A similar picture is obtained for larger $\epsilon=o(1)$, in which case the random 3regular graph is replaced by a random graph with $N_k$ vertices of degree $k$ for $k\geq 3$, where $N_k$ has mean and variance of order $\epsilon^k n$.
Based on this description, we show that for any $\epsilon=o(1)$ with $\epsilon^3n\to\infty$, the diameter of $C_1$ is w.h.p. asymptotic to $D (\epsilon,n)=(3/\epsilon)\log(\epsilon^3 n)$. Furthermore, we prove that the mixing time for the random walk on $C_1$ is w.h.p. of order $\epsilon^{3}\log^2 (\epsilon^3 n)$.
Based on joint work with J.H. Kim, E. Lubetzky and Y. Peres.

October 26
Stephanie Somersille (U. Texas)
Biased Tug of War, The Biased Infinity Laplacian and Comparison with Exponential Cones
Abstract: We use the game Biased Tug of War to prove results for a degenerate elliptic second order partial differential equation involving the infinity Laplacian operator and the norm of the gradient. We extend the ideas of Peres, Schramm, Sheffield and Wilson and use the game random turn tug of war but instead consider a biased coin. We will discuss the differences that arise in the proofs of the existence and uniqueness of the corresponding partial differential equation. This talk is based on joint work with Yuval Peres and Gabor Pete.

November 2
Oren Louidor (Courant Institute)
Finite connections for supercritical Bernoulli bond percolation in 2D
Abstract: Two vertices are said to be finitely connected if they belong to the same cluster and this cluster is finite. We derive sharp asymptotics for finite connection probabilities for supercritical Bernoulli bond percolation on Z^2.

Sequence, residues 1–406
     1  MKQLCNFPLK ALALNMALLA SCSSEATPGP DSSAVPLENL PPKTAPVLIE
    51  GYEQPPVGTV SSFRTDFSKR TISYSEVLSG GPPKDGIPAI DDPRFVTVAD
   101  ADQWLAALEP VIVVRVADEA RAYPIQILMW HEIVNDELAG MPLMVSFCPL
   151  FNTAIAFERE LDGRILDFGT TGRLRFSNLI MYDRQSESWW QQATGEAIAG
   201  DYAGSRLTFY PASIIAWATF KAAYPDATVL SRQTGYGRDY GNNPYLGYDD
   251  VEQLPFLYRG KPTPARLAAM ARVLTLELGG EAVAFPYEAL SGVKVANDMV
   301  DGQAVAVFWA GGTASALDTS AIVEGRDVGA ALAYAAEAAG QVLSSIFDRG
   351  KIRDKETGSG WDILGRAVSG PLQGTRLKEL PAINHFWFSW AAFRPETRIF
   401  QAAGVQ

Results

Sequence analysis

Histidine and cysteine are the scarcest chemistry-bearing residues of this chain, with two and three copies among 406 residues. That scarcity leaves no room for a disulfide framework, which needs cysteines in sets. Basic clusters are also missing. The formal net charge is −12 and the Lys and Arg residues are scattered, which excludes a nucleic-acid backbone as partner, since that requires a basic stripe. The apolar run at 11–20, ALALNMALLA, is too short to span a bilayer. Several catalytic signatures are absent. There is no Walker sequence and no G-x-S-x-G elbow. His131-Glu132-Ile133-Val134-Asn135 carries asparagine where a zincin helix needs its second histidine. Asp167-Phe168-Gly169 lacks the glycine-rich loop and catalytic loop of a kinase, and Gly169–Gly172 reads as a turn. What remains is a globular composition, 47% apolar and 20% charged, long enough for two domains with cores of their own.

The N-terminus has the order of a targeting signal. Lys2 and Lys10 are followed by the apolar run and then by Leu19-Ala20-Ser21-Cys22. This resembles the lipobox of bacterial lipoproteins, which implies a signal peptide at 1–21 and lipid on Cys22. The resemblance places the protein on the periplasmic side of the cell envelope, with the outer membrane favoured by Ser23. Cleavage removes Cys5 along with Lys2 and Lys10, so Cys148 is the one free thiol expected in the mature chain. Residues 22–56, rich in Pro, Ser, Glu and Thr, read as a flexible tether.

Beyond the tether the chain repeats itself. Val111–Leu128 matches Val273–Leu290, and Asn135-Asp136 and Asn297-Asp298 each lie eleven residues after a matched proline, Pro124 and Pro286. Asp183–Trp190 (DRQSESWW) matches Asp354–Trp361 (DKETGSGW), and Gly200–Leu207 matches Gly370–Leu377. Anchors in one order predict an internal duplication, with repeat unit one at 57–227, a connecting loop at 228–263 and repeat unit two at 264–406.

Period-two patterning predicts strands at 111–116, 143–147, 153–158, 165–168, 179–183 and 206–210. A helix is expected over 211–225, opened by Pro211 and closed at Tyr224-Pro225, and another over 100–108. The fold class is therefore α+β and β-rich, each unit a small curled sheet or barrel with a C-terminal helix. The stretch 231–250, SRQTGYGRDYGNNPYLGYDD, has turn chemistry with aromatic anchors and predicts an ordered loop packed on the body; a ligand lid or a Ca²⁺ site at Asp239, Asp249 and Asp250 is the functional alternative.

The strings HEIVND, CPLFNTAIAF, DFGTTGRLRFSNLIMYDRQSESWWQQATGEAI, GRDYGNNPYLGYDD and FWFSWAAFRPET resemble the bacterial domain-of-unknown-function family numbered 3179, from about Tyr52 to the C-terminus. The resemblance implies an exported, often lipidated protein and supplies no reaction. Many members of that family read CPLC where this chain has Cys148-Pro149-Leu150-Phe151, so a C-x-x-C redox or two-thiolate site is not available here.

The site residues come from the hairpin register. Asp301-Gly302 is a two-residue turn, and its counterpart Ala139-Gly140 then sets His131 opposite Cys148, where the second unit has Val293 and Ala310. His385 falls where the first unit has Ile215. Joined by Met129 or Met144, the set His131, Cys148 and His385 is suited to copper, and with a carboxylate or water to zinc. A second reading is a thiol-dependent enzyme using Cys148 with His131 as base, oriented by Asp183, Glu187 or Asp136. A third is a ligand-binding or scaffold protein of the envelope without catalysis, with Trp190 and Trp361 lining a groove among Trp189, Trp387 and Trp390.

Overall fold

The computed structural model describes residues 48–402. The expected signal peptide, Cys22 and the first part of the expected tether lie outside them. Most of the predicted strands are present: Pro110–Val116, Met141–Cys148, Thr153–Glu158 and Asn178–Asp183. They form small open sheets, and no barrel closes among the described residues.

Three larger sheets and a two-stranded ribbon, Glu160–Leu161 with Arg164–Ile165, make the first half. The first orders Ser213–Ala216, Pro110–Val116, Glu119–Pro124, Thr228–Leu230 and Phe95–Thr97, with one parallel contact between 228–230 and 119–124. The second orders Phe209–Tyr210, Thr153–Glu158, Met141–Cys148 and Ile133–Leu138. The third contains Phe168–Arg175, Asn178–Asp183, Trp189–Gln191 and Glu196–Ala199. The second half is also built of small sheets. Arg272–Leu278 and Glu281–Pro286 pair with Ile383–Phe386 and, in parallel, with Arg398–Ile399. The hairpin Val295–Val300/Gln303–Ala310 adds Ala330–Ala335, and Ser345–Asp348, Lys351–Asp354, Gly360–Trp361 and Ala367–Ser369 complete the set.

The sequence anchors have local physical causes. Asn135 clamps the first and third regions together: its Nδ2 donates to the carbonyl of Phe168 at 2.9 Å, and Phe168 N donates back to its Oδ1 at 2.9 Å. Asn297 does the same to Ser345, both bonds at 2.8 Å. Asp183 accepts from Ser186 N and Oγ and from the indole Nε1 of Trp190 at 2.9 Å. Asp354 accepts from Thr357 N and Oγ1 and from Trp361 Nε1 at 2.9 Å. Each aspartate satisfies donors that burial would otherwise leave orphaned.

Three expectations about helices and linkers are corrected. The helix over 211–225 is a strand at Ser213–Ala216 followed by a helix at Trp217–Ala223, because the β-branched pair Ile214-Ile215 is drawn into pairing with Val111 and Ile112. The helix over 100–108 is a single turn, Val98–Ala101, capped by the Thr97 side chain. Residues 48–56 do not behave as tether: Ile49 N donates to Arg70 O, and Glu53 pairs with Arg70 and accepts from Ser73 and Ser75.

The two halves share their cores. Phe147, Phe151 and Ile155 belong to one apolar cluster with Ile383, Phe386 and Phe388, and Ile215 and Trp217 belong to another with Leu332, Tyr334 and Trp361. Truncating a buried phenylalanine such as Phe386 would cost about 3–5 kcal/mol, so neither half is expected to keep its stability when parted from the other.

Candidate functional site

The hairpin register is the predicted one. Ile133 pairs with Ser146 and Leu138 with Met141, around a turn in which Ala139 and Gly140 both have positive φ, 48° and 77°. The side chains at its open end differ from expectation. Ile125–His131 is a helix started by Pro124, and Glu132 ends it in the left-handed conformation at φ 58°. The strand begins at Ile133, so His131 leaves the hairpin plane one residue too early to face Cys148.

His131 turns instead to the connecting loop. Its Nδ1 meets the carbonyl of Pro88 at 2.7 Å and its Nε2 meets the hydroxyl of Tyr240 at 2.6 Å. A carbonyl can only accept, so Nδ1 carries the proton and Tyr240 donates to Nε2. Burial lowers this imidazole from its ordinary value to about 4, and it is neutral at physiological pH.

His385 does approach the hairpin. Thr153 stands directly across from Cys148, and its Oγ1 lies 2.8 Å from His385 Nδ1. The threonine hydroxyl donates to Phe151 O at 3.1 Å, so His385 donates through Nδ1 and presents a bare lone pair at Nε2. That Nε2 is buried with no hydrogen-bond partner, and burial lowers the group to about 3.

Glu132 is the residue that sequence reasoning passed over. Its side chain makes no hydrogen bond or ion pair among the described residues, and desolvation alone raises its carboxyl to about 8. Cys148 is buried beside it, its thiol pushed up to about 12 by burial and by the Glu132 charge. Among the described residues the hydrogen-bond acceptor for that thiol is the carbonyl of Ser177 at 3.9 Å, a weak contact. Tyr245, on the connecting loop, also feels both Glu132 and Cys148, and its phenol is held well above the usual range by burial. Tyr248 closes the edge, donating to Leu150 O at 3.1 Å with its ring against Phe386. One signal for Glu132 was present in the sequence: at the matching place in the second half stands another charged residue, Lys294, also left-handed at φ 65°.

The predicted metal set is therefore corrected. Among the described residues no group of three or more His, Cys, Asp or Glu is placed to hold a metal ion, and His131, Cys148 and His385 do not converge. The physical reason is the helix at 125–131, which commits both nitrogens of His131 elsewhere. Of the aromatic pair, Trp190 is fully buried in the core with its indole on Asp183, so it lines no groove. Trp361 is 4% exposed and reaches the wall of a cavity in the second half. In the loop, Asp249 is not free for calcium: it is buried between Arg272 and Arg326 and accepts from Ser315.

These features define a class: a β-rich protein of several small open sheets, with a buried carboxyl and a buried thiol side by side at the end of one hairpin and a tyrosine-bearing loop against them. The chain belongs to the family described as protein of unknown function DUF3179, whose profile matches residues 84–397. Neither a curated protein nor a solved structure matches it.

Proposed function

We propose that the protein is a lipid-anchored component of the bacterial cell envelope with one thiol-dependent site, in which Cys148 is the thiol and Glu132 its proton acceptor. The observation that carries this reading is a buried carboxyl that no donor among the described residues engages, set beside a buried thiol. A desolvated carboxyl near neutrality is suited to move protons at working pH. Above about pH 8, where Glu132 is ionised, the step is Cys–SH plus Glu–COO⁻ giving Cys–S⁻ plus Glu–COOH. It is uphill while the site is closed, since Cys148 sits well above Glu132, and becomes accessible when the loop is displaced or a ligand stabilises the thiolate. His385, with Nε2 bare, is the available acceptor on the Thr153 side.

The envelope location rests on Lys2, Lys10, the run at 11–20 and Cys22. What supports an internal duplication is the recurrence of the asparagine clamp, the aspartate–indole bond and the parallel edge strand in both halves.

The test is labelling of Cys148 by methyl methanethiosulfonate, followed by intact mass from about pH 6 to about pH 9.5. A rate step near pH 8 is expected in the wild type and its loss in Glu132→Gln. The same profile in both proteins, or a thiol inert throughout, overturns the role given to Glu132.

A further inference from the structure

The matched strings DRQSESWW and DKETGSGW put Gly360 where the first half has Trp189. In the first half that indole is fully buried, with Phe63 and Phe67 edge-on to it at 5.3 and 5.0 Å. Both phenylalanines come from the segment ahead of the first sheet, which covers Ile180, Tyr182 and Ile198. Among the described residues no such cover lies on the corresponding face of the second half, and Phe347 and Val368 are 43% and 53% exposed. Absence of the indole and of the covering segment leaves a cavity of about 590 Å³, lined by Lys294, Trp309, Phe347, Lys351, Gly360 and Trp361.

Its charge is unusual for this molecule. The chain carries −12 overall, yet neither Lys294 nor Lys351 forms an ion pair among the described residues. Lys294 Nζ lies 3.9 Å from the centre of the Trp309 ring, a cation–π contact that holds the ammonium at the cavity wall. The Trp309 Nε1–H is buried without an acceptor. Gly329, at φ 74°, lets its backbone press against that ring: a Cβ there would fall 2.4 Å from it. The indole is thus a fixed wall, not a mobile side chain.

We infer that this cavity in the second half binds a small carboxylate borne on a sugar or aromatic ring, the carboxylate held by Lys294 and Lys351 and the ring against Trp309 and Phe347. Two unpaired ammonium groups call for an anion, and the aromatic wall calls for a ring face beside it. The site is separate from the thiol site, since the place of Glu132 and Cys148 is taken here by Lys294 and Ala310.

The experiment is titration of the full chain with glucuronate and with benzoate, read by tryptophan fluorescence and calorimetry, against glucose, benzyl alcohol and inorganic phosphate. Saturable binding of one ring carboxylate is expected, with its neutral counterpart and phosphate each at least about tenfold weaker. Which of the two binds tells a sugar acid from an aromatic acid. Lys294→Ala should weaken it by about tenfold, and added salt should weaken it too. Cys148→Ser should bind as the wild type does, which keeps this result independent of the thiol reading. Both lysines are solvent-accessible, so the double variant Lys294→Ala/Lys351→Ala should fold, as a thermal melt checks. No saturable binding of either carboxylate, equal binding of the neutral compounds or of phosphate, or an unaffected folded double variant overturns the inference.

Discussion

November 9
Ionel Popsecu (Georgia Tech)
Analyticity and the Planar Limit
Abstract: The planar limit is a combinatorial generating functionwhich counts the number of planar graphs of arbitrary valency and thisis very closely connected to random matrix calculations. On theother hand an analytic treatment of the random matrix reduces theproblem to studying the minimizer of the so called logarithmic energywith external field.
We will show an elementary way of dealing with the minimizer of thelogarithmic energy with external fields. This is based onmanipulations of Chebyshev polynomials and combinatorial identitieswhich give a nice new formula for the minimum of the energy. Thisindicates why the analyticity claim of the planar limit holds true.
We also were able to compute some of the various planar limit in closed form.
This is joint work with Stavros Garoufalidis and Marcos Marinio.

November 16
(Seminar Canceled)

November 23
Ivan Corwin (NYU)
Fluctuations in traffic flow, crystal growth and random matrices
Abstract: Analogous to the central limit theorem, we study theasymptotic behavior of the fluctuations of traffic flow, crystalgrowth height and eigenvalues of random matrices around theirexpectations. We show how the fluctuation limits of these randomprocesses are related to their respective expectations (hydrodynamiclimits).

November 30
Mihyun Kang (Technische Universitaet Berlin)
Critical behaviour of random planar graphs
Abstract: Since the seminal work of Erd"os and R'enyi the phase transition of thelargest components in random graphs became one of the central topics inrandom graph theory and discrete probability theory. In this talk wediscuss the critical behaviour of the largest components in a uniformrandom planar graph. (Joint work with Tomasz Luczak.)

December 7
Rick Kenyon (Brown University)
Connections in spanning trees.
Abstract: We discuss the uniform spanning tree modelon a planar graph and in particular howto compute certain longrange propertiesusing the vectorbundle laplacian.
Fall 2009 Organizers
 Henry Cohn
 Todd Kemp
 Lionel Levine
 Scott Sheffield
 Dan Stroock